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Get vaccinated against influenza this winter.

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David Hawker MP Federal Member for Wannon Electorate Office: 190 Gray Street, Hamilton, Vic., 3300 Ph: (03) 5572 1100 or Local Call 1300 131 692 Fax: (03) 55 72 1141 Email: Web:

Media Release The Hon David Hawker MP Speaker of the House of Representatives Federal Member for Wannon

15 May 2006


Federal Member for Wannon, David Hawker, today joined forces with leading Australian health professionals in urging all Western Victorian residents to take influenza seriously.

“Many people think that influenza is as harmless as the common cold - unfortunately this is not the case,” Mr Hawker said.

“Even completely healthy young people can be severely affected for several days by a bout of influenza, which means missing work commitments, social events and regular responsibilities such as caring for others. For many others, particularly people with underlying medical conditions or those aged 65 or over, the consequences can be even worse.”

In fact, according to the National Institute of Clinical Studies, individuals with underlying conditions have a 40 times increased risk of death from influenza1, and it is estimated that influenza is responsible for 1,500 deaths annually2.

“With winter just around the corner, it is important that everyone who is at risk of serious consequences from influenza protect themselves by getting vaccinated,” Mr Hawker said.

Mr Alan Hampson, Convenor of the Influenza Specialist Group, said that while most Australians aged 65 or over received their annual influenza vaccination, many younger at-risk Australians were missing out.

“Influenza is a serious and contagious disease, but especially so for people with underlying conditions such as diabetes, heart disease, a weakened immune system or a lung disease such as asthma, emphysema or chronic bronchitis,” said Mr Hampson. “For these people, even if they feel fit and well, influenza can weaken their immune system and compromise their ability to manage their underlying medical condition. This often results in hospitalisation and can even result in death.”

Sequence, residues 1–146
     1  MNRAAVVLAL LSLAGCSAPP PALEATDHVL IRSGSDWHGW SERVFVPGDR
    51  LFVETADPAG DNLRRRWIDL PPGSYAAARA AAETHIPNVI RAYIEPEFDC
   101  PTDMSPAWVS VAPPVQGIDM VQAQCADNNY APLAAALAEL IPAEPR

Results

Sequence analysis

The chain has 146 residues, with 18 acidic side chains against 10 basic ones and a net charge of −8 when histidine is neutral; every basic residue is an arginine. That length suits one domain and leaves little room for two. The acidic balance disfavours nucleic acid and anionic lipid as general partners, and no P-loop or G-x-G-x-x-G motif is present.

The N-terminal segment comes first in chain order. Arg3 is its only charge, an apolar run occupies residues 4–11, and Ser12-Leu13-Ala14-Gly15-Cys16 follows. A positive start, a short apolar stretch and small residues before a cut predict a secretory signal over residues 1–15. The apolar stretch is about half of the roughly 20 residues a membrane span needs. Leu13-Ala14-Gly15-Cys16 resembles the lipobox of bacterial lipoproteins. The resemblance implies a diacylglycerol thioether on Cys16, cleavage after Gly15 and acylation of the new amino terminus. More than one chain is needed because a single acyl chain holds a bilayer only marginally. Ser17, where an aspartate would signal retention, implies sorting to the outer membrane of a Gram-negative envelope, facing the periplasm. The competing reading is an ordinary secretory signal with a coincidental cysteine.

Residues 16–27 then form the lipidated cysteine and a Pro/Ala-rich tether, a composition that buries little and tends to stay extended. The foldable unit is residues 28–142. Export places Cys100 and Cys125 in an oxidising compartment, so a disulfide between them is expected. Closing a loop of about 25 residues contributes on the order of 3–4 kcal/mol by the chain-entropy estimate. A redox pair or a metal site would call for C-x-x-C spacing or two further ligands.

“Vaccination is the most important and effective measure in influenza prevention, but most recent data indicates that only 48.2%3 of younger people in Victoria with underlying conditions are currently getting vaccinated”, Mr Hawker added.

The number of influenza infections typically starts to increase in June and peaks between July and September. However, outbreaks sometimes start earlier and it takes two weeks for full immunity to develop after vaccination. In addition to vaccination, there are also specific antiviral medications available on prescription which can help limit the effect of influenza if they are taken within the first two days of the onset of symptoms.

“With winter looming, now is the perfect time for anyone who doesn’t want to become ill with influenza to speak with their GP about vaccination,” Mr Hawker concluded.

Media contact: Jane Templeton

(03) 5572 1100

References 1. Colgan S, Tay-Teo K, Shih S et al. NICS Evidence Report: Influenza Vaccination for ‘At-Risk’ Australians Aged Between 18-64. February 2006. Found at: 2. Mills, J. and Yapp, T. An economic evaluation of three CSIRO manufacturing research projects. 1996. Australia, CSIRO 3. Australian Institute of Health and Welfare. 2004 influenza vaccine survey: summary results. March 2005: PHE 56